Andres Gomez, president of the Antonio Maceo Solidarity Brigade, stressed the need for the US progressive movement to gain strength in order to influence Washington's decisions, particularly those related to Cuba.
"Washington promotes state terrorism against the Caribbean island and supports a genocidal policy, and for this reason we need to have the counteraction of the solidarity and anti-imperialist movement," said Gomez, who also addressed Washington's inclusion of Cuba on a US-designed list of states sponsors of terrorism by describing it a grotesque lie.
The Antonio Maceo Brigade was created 35 years ago to support, from US territory, the Cuban cause. Some of its members are currently visiting the Caribbean nation, PL news agency reported.
Gomez said, the solidarity group continues with its support of Cuba now focusing, among other issues, on the fight against the over-50-year US economic blockade and in favor of the release of the five Cuban anti-terrorist fighters held in the United States since 1998.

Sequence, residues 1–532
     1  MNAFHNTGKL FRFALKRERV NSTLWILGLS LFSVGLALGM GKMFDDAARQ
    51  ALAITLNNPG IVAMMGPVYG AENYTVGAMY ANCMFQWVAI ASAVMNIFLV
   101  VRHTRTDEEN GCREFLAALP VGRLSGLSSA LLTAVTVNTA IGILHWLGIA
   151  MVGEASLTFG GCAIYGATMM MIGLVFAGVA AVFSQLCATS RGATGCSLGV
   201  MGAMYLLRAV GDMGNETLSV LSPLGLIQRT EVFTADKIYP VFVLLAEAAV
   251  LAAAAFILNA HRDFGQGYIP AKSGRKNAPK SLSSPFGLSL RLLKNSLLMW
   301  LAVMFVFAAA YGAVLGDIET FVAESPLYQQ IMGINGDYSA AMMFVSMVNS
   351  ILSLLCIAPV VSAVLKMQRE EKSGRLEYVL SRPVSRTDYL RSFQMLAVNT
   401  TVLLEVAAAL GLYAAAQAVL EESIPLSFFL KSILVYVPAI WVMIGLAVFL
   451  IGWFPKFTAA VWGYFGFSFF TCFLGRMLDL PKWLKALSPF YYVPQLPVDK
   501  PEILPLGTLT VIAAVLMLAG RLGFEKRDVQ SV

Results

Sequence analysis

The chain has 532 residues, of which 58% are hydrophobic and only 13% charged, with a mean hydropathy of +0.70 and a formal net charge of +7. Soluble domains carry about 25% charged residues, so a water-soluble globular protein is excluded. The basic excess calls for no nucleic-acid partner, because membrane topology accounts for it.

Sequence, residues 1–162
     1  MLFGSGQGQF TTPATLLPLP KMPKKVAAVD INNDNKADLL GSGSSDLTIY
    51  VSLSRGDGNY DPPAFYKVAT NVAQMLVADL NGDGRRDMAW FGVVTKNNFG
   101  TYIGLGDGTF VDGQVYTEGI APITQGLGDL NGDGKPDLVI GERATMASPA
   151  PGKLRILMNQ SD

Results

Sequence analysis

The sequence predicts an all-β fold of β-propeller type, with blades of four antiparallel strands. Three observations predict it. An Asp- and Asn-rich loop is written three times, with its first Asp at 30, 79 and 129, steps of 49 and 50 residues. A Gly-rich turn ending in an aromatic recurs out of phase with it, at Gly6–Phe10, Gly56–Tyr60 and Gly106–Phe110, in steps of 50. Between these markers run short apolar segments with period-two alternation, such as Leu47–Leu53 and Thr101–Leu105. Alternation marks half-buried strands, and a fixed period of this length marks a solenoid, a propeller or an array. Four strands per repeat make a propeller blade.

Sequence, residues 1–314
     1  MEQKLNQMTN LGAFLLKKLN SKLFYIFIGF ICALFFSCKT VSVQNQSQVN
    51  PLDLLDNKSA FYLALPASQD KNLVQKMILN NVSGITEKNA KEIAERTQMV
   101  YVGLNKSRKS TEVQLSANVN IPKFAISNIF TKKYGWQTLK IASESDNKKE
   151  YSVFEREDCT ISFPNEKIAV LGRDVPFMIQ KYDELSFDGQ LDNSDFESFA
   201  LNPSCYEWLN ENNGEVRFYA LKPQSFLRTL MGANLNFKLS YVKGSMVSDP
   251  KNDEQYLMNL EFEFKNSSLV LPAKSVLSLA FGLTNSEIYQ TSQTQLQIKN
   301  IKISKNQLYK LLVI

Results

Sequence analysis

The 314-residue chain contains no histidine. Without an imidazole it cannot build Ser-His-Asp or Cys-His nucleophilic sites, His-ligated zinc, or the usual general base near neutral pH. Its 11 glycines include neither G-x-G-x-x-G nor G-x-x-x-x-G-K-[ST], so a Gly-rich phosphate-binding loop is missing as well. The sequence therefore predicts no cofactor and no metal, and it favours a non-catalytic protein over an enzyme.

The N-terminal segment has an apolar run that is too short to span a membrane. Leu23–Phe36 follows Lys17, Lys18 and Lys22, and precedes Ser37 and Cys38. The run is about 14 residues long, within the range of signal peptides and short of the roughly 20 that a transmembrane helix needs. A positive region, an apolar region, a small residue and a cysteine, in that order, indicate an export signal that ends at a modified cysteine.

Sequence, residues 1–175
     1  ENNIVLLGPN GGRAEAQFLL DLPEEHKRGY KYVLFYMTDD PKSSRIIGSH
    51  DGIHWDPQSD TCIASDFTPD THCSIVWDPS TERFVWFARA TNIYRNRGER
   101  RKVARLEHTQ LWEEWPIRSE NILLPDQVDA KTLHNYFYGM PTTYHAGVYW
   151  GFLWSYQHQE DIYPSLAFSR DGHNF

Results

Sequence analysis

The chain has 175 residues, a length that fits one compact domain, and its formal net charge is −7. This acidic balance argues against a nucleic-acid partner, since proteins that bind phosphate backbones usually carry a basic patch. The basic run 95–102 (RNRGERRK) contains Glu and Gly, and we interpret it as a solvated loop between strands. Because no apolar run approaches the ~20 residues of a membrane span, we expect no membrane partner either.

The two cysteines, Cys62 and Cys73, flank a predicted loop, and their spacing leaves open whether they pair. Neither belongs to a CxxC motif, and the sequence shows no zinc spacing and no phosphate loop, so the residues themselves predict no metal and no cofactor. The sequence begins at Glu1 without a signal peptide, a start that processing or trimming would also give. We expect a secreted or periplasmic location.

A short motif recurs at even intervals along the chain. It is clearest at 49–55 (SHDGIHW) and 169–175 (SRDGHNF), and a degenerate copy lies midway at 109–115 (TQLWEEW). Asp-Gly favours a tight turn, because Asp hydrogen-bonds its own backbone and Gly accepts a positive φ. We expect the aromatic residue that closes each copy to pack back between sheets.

In 1998, René González, Ramón Labañino, Gerardo Hernández, Antonio Guerrero and Fernando González, internationally known as the Cuban Five, were arrested for having monitored Florida-based terrorist groups that planned actions against the island.
The activists also addressed the recent reelection of Barack Obama as US President by stressing the changes taking place in the voting trends in the US state of Florida, which groups the largest number of Cuban emigrants in that country.
He said that 47 percent of Cubans living in that state voted for the democratic candidate, 10 percent more than in the 2008 presidential elections.
For Gomez, the voting trend will have an influence as to the political importance of the southern US state over the past 20 or 30 years, since the state was traditionally considered as unconditionally supportive of the US extreme right.
This changing trend is due to demographic transformations of the emigration, because those emigrants from the 1960s and 1970s with a more hostile position towards Cuba, are now a minority below 2 percent of the Miami residents, while their descendants maintain positions different from those of their parents.